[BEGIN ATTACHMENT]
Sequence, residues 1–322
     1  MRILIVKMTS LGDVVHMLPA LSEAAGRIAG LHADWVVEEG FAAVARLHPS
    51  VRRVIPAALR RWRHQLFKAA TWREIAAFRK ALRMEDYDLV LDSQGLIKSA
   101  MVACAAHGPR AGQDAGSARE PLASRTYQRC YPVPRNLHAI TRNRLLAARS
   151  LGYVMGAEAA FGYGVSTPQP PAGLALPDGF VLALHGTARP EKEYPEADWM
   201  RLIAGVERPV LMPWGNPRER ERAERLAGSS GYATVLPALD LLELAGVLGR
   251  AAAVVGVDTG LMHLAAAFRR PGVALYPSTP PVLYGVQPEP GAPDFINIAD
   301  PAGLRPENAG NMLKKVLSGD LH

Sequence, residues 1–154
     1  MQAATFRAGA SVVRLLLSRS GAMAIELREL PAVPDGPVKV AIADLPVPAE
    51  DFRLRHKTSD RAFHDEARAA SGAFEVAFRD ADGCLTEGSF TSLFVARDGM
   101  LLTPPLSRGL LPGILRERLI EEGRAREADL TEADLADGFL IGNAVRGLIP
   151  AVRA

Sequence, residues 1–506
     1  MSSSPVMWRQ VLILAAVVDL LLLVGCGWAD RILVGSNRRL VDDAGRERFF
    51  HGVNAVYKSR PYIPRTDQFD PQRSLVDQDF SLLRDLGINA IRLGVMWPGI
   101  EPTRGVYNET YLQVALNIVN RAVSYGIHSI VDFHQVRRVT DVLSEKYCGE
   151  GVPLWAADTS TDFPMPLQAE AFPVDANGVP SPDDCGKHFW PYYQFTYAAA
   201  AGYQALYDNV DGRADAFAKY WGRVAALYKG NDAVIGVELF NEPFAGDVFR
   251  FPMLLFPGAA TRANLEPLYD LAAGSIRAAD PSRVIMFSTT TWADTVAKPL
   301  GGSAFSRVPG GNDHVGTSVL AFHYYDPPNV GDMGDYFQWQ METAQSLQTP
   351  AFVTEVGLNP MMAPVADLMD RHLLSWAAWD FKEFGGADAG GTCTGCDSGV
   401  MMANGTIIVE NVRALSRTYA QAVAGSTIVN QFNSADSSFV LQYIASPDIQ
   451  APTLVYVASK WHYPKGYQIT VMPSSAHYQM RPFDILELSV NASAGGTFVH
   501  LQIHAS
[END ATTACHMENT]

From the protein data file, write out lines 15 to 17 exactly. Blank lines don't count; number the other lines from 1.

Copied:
     1  MSSSPVMWRQ VLILAAVVDL LLLVGCGWAD RILVGSNRRL VDDAGRERFF
    51  HGVNAVYKSR PYIPRTDQFD PQRSLVDQDF SLLRDLGINA IRLGVMWPGI
   101  EPTRGVYNET YLQVALNIVN RAVSYGIHSI VDFHQVRRVT DVLSEKYCGE